Multipreneurship, Or How to Become a Modern-Day Richard Branson
The idea of working on multiple things at the same time has always been a dream of mine. I felt a similar excitement when years ago I came across Emilie Wapnick’s work on multipotentialites.
Reading Greg’s post I thought of Richard Branson and his Virgin Empire.
When I think about an entrepreneur that works in a bunch of different industries there are few names that pop up as quickly as Branson’s.
Greg comes from a Silicon Valley and VC background and much of his post focuses on how multipreneurship, based around communities, can serve as an anthesis to the VC startup world.
And I think he could be right about that…
But the question I was more interested in was:
“Is multipreneurship a way to become a mini-Richard Branson?”
In other words, is this a framework for building tiny business empires that play in different industries and scratch multiple itches, while maintaining personal autonomy?
On the surface it sure seems that way!
But first, some definitions…
Serial Entrepreneur vs Solopreneur vs Multipreneur
Before we dive into how multipreneurship works, and how to become a multipreneur, we have to define what it’s NOT.
A Serial Entrepreneur is someone who focuses on one fast-growth startup, grows it to a certain size, and then either sells it or uses the cash flow from it to start a new fast-growth venture. While they work on multiple businesses over their lifetime, it’s rarely at the same time.
A Solopreneur is an entrepreneur that above all else aims to build a business that is solely built around them. They don’t hire employees, use freelancers & contractors sparingly (if ever) instead relying on SaaS and automation and focus above all on maximizing profitability instead of growth.
The solopreneur route has gained a lot of popularity in recent years with creators like Justin Welsh and Dan Koe attracting millions of fans.
Multipreneurs differ from serial entrepreneurs in that they work on multiple businesses at the same time, instead of in a sequence, and create an ecosystem of products & services.
Multipreneur ≠ Beefed Up Solopreneur
It’s important to note, that a multipreneur is not just a solopreneur on steroids.
As Greg Isenberg says in his Multipreneur Manifesto “Trying to juggle 5+ businesses solo is like playing dodgeball with a dozen balls coming at you simultaneously - it's a spectacular failure waiting to happen.”
Instead, multipreneurs focus on building “small, capable teams for each venture.”
Bonus points if you can create teams that can cross boundaries and work in several of your businesses (more on that in a bit)
Now I know what you might be thinking…
I know, I’d normally be right there with you, but having a team doesn’t mean bloated salaries, tons of people, or huge responsibilities.
You can instead use freelancers to slowly bring people on to help you and only pay for help as you need it. Eventually, you can build an army of freelancers that span across your companies… like I said more on that a bit further down.
Micro & Macro-Multipreneurs
If you Google “multipreneur” you won’t find a ton…
But one of the first legitimate resources on this business theory is a book called Multipreneurship by a Greek business professor by the name of Nicholas Harkiolakis.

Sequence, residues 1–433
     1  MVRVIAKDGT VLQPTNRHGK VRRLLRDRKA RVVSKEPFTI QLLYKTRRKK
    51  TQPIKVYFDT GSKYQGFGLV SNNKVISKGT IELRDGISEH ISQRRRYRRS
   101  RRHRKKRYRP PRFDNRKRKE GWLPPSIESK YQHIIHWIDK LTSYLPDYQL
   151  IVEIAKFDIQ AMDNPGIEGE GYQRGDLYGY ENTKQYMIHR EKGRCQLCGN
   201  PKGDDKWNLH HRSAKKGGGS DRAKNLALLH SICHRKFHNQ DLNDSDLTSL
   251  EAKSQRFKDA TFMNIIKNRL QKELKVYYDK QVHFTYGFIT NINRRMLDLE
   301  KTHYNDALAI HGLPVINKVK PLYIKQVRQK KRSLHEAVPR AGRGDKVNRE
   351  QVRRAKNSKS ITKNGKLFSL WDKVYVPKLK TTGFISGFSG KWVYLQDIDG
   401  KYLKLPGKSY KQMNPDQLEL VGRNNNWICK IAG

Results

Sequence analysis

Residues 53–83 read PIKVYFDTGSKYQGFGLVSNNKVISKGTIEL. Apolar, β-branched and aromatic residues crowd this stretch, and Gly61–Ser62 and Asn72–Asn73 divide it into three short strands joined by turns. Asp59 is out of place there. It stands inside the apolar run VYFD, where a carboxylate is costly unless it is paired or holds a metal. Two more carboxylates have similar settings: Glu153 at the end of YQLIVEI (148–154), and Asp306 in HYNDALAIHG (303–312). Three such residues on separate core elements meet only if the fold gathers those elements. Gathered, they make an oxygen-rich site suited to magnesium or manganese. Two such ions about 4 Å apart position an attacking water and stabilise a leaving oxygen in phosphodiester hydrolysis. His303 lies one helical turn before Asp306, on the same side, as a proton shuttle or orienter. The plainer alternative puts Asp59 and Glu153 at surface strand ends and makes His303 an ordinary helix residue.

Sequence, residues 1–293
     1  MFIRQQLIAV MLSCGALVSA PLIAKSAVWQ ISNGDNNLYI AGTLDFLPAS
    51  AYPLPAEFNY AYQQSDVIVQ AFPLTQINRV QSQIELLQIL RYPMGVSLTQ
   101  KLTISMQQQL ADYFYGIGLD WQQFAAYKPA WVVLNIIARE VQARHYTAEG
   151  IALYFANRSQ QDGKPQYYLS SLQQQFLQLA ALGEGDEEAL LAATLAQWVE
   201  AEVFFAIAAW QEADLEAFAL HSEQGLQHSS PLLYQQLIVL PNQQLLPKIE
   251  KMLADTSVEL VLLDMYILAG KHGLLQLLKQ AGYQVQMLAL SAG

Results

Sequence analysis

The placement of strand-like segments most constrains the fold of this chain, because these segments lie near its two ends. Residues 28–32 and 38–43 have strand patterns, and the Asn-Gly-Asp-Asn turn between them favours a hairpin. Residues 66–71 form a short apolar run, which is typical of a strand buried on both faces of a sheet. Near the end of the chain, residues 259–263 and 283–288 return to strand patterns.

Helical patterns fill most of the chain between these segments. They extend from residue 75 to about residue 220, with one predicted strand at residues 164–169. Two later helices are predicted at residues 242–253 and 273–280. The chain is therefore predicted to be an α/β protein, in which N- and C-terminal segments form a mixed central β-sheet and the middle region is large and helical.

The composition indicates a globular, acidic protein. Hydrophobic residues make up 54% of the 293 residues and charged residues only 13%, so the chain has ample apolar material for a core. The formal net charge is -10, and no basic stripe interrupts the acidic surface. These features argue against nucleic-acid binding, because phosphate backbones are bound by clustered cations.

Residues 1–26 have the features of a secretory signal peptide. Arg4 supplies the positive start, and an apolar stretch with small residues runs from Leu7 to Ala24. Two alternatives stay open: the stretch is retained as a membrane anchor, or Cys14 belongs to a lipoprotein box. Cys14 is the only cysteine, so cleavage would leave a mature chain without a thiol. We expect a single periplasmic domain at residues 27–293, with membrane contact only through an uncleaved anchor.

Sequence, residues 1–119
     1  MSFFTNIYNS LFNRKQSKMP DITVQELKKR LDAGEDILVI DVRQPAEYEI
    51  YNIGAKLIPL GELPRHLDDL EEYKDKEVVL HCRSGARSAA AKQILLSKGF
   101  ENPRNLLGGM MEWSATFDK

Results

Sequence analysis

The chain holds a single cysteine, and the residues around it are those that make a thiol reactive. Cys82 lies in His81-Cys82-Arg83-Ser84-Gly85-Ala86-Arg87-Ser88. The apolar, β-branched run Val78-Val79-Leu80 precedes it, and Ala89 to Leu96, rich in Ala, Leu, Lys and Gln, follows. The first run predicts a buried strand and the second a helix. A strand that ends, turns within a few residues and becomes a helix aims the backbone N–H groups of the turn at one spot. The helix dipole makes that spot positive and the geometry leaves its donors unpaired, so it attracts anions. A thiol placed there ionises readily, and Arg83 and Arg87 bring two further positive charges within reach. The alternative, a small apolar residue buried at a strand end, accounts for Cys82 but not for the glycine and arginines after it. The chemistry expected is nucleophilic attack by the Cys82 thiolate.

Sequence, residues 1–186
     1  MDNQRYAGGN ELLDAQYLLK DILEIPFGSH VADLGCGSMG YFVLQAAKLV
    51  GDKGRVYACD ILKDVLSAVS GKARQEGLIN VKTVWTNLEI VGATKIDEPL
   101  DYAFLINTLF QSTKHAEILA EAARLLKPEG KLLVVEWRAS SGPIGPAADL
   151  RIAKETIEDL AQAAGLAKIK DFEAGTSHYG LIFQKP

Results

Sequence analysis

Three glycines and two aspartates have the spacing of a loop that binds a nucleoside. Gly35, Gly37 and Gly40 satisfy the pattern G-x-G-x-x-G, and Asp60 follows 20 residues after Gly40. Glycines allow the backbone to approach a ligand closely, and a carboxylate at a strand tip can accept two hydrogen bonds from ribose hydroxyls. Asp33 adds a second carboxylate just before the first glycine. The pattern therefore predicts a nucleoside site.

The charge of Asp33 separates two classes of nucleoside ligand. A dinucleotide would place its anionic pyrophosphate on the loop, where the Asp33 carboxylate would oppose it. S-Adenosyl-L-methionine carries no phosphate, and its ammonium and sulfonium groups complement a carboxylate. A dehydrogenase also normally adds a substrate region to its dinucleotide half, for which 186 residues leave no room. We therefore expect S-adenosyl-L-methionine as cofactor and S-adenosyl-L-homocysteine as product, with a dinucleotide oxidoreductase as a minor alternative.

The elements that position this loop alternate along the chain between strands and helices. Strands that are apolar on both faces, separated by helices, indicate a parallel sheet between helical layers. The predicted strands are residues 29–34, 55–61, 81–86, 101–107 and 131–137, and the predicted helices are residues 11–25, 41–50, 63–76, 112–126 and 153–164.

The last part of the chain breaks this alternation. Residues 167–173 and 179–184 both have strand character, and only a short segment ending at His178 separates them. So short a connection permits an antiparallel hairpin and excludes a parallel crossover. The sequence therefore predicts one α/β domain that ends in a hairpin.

In the book, Harkiolakis separates multipreneurs into two camps:
The big difference between the two is that one (micro) is localized while the other (macro) is much larger, multinational, and most likely internet based.
He points out that Macro-multipreneurs can be led by a “high profile individual” and create massive economic success (cough Richard Branson)
In today’s world people connect more with the individual than a brand - Richard Branson has more followers than Virgin, Tim Cook has more followers than Apple, and Gary Vaynerchuk has built a $200m+ business empire on the back of his personal brand.
But you don’t have to be a massive influencer to be a macro-multipreneur, you just have to build your empire in the borderless online world.
In my view it’s less about how much your businesses are worth, but the medium in which you build them.
I actually find the concept of the micro-multipreneur more fascinating…
My wife Sarah and I started a newsletter earlier this year called CincyScoop focused on sharing news, events, and important stories from around Cincinnati in a fun and entertaining way.
We saw this as the chance to build a community in our hometown and perhaps one day use it as the starting point of a Cincy-based business.
Imagine running a small collection of businesses in your hometown!
This is the exact definition of a micro-multipreneur and also agrees with Greg Isenberg’s view of multipreneurship being “community-first”.
Remove Emotions (If You Take A Lot of Swings, You’ll Miss A Lot)
Richard Branson started Virgin as a magazine when he was a teenager, but it wasn’t really financially successful until he launched Virgin Records in the 1970s.
As Virgin Records grew Branson began to invest in other verticles like aviation (Virgin Atlantic) telecommunications (Virgin Mobile) and even space flight (Virgin Galactic).
But not all Virgin companies have been a success!
In the 1990’s & 2000s Richard Branson launched:
Virgin Cola which aimed to compete with Coca-Cola (and got smacked by the soda giant)
Virgin Cars - revolutionize car shopping by bringing it online
Virgin Brides - yes… it’s exactly what you think it is
All of these were massive failures, however…